I don’t know whether it’s the fact that everyone thinks they’ve got no money, or a strange longing for a bygone age (that never existed) when everything was handmade and lovely but there seems to have been a bit of an explosion in people pushing the virtues of making things yourself. Of course this could be an age-old phenomenon that I’ve just managed to miss until now – which is the most likely explanation.

As anyone who has followed this blog for a little while now may have guessed, I like doing stuff myself, I like making things. I like the process probably as much as the accomplishment of the end product. My aborted attempts at an indoor garden earlier in the year were thwarted only by a poor choice in soil (which resulted in a swarm of fungus gnats) rather than a change of heart or the onset of boredom. I am a firm, and I have been told maddening, believer in ‘I can probably do that’. And for the most part, I probably can.

However I did get slightly annoyed/bemused by something I saw on TV last week, ‘Kirsty’s Homemade Christmas’. The premise being that Kirsty (of ‘Location, Location, Location’ fame) makes handmade gifts and Christmas things and generally sticks it to the man (albeit in a very middle class way) and saves some money along the way. However it seemed to me that the resulting programme was either the most hilariously naive or cringe-worthyly-targeted thing possible. One episode saw Kirsty making her own baubles – lovely – however, here’s the catch, she was making them from blown glass. I don’t know how many people have the aparatus to do this at home, I know I don’t. We were helpfully informed that there were ‘courses available’ that would allow you to do this…but I can’t imagine that they’re cheap. The other episode that I caught had a similarly extravagant approach to crackers, with yards of expensive fabric and ribbons being employed. Now don’t get me wrong, I don’t have a problem at all with the idea of making your own gifts etc, in fact I think it’s a great idea that should be applauded and promoted wherever possible, however it seemed to me that there were far more straight-forward ways of accomplishing some of the tasks addressed by the programme. Or maybe I’m just being curmudgeonly and it was, in fact, lovely festive fun.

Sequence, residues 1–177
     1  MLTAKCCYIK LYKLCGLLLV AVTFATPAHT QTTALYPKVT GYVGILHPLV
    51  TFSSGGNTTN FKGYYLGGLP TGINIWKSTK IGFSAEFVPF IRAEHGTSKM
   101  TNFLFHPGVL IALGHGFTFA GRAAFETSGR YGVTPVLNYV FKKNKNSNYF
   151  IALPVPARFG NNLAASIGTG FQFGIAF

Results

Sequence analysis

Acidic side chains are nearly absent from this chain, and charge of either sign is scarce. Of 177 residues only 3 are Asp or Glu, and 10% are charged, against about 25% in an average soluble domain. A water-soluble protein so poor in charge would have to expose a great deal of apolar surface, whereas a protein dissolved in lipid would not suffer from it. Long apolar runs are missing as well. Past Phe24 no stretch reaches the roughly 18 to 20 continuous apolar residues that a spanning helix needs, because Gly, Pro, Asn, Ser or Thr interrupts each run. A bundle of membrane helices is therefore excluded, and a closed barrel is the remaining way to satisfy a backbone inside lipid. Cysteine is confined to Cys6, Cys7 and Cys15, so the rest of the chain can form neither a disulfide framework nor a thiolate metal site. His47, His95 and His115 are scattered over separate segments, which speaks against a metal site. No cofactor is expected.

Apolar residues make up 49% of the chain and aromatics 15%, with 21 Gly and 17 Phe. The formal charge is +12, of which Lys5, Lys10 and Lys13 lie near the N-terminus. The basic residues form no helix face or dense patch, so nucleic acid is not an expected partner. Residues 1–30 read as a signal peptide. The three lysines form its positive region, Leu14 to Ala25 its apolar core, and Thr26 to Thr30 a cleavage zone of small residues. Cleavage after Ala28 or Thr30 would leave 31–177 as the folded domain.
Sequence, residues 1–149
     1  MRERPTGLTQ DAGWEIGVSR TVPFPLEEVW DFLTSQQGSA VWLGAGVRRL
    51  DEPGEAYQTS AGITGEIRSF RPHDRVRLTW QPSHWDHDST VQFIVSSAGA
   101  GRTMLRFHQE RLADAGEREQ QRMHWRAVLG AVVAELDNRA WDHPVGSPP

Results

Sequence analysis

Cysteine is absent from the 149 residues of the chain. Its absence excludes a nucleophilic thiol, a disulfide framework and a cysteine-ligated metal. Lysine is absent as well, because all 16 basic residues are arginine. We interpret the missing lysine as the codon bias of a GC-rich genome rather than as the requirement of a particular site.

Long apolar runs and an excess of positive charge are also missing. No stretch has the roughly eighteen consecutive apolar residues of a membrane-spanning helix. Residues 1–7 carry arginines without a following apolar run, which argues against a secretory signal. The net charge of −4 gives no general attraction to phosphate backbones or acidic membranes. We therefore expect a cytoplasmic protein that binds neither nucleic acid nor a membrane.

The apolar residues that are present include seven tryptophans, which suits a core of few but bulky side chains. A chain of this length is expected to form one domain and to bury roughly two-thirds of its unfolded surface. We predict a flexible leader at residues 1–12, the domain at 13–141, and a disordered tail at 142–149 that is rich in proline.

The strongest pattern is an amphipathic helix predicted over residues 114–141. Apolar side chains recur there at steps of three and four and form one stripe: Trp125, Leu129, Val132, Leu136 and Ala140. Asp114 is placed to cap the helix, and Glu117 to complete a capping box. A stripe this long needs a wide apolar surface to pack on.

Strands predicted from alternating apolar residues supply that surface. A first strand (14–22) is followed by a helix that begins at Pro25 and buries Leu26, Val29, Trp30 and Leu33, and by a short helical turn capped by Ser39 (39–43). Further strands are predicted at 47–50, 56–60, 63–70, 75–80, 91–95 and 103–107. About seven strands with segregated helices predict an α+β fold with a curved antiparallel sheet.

On the opposite end of the scale, for me, was River Cottage Christmas. Now I must admit, I bloody love Hugh Fearnley-Whittingstall. I admire his approach to food and am frankly envious of the life that, tv leads me to believe, he leads. This programme, again extolling the virtues of making your own gifts, seemed to take a slightly more basic and realistic tone, no courses were pushed and you didn’t need to buy any particularly ridiculous ingredients. Much better. I then spent the rest of the weekend baking and cooking (which I had forgotten, is incredibly theraputic).

To cap off this weekend of festive diy I popped along to a craft fair at the Brudenell Social Club to see a stall being hosted by the lovely Cam, twoducksdisco and his fair lady friend, Sarah, Many Nice Things. You can read a bit about their stall on Cam’s blog, here; Again this just summed up my view that handmade is best made with love, care and attention. You don’t need your own glass-blowing furnace, hilariously expensive chocolate and enough velvet to coat your house.

Talking of handmade with love, care and attention.
Bon Iver-Flume